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Why Apple's Night Shift in iOS 9.3 will help you get a better night's sleep

Composite series showing iPhone 6s running iOS 9.2 atop iPad Pro running iOS 9.3 with Night Shift.

It's easy to dismiss Apple's new Night Shift mode — introduced in iOS 9.3 — as a gimmicky bolt-on, but it's actually a helpful feature rooted in years of sleep science.

Night Shift performs essentially the same function on iOS devices as desktop apps like f.lux long have on the Mac: as your bed time approaches, it automatically shifts the color temperature of your display toward the warmer end of the spectrum. You might not know what color temperature is, exactly, but you've probably heard of it — whenever someone describes a smartphone display as "more yellow" or "more blue," they're talking about its color temperature.

Just like traditional color theory, color temperature in lighting is expressed on a warm-to-cool scale. Yellows and reds are warm, while blues and whites are cool.

LED-based lightbulbs are a great analog: LED bulbs that appear harsh white have a cool temperature, while those that seem more like a traditional incandescent bulb are warmer.

So why does this matter to Apple? Because years of scientific research has concluded that light has a noticeable impact on brain function, especially sleep.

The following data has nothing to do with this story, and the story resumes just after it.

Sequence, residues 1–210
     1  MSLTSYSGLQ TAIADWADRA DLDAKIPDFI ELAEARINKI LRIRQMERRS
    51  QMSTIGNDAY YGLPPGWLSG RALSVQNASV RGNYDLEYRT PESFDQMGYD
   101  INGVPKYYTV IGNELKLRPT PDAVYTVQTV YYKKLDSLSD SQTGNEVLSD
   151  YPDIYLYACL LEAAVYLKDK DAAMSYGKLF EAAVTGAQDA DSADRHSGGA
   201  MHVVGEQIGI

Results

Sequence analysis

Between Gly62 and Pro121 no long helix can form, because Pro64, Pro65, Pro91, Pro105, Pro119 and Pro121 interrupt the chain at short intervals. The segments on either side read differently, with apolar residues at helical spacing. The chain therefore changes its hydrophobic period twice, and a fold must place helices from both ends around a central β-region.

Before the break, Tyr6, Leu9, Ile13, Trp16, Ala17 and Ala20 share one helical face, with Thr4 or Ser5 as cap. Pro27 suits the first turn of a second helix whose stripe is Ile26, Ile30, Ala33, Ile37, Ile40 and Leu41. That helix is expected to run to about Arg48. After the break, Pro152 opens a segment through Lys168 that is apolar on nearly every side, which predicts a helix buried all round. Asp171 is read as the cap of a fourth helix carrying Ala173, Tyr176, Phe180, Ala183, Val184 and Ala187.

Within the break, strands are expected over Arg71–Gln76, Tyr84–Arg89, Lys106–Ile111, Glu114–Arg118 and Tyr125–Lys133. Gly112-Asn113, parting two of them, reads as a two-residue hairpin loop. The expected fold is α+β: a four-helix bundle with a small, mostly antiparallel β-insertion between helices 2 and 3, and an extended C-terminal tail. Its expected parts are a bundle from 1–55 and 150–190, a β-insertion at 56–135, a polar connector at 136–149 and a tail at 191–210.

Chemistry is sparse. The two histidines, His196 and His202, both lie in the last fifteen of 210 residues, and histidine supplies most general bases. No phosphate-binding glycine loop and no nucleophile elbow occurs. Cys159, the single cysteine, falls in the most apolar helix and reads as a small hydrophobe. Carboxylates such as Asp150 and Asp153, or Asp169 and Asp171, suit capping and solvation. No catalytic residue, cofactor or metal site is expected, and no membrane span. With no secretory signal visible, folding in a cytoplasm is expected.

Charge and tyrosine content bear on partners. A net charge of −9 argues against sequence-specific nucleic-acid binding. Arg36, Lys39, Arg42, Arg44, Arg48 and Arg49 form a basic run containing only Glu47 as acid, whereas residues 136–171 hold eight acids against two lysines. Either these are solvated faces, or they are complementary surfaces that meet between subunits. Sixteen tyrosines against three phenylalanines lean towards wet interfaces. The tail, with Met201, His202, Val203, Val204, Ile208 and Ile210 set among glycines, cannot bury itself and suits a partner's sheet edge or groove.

Human beings fall asleep courtesy of a chemical called melatonin. Meltaonin is light-sensitive; when your eyes detect light, melatonin production is suppressed, making it more difficult to nod off.

Night Shift's warmest setting approximates the color of the setting sun.

Studies have shown that when it comes to melatonin suppression, all lights are equal — but blue lights are more equal than others.

In one study highlighted by the National Institute of Health, "exposing healthy subjects to 30 minutes of 500 lux polychromatic blue light an hour before bedtime, in their natural home environment, delayed the onset of rapid eye movement sleep by 30 minutes."

"I'm pretty sure that at least many of the sleep disorders we are facing epidemically are related to evening or nighttime light," said Dieter Kunz, former director of the Sleep Research and Clinical Chronobiology Research Group at Berlin teaching hospital Charite-Universitatsmedizin.

Another joint study concluded that "the use of these devices before bedtime prolongs the time it takes to fall asleep, delays the circadian clock, suppresses levels of the sleep-promoting hormone melatonin, reduces the amount and delays the timing of REM sleep, and reduces alertness the following morning."

Many professionals go so far as to recommend that people who have trouble falling asleep avoid all contact with backlit electronic screens for an hour before going to bed. Unfortunately, that's simply not realistic in the days of eBooks and the internet, which is where Night Shift comes in.

By shifting the color temperature of the display automatically, Night Shift reduces the amount of blue light emitted by your devices. While this won't entirely solve the problem, it does help a great deal — a success that multiple members of the AppleInsider staff will attest to.